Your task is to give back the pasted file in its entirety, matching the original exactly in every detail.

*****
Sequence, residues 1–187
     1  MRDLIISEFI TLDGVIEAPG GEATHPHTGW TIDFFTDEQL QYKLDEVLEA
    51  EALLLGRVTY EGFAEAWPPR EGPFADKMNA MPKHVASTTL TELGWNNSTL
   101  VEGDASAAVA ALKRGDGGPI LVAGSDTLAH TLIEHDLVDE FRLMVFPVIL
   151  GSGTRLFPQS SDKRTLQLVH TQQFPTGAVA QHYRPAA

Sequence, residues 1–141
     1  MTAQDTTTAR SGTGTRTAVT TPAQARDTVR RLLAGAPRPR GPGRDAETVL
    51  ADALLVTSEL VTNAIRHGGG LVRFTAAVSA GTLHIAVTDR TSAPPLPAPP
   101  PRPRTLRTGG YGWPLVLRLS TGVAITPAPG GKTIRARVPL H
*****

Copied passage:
Sequence, residues 1–187
     1  MRDLIISEFI TLDGVIEAPG GEATHPHTGW TIDFFTDEQL QYKLDEVLEA
    51  EALLLGRVTY EGFAEAWPPR EGPFADKMNA MPKHVASTTL TELGWNNSTL
   101  VEGDASAAVA ALKRGDGGPI LVAGSDTLAH TLIEHDLVDE FRLMVFPVIL
   151  GSGTRLFPQS SDKRTLQLVH TQQFPTGAVA QHYRPAA

Sequence, residues 1–141
     1  MTAQDTTTAR SGTGTRTAVT TPAQARDTVR RLLAGAPRPR GPGRDAETVL
    51  ADALLVTSEL VTNAIRHGGG LVRFTAAVSA GTLHIAVTDR TSAPPLPAPP
   101  PRPRTLRTGG YGWPLVLRLS TGVAITPAPG GKTIRARVPL H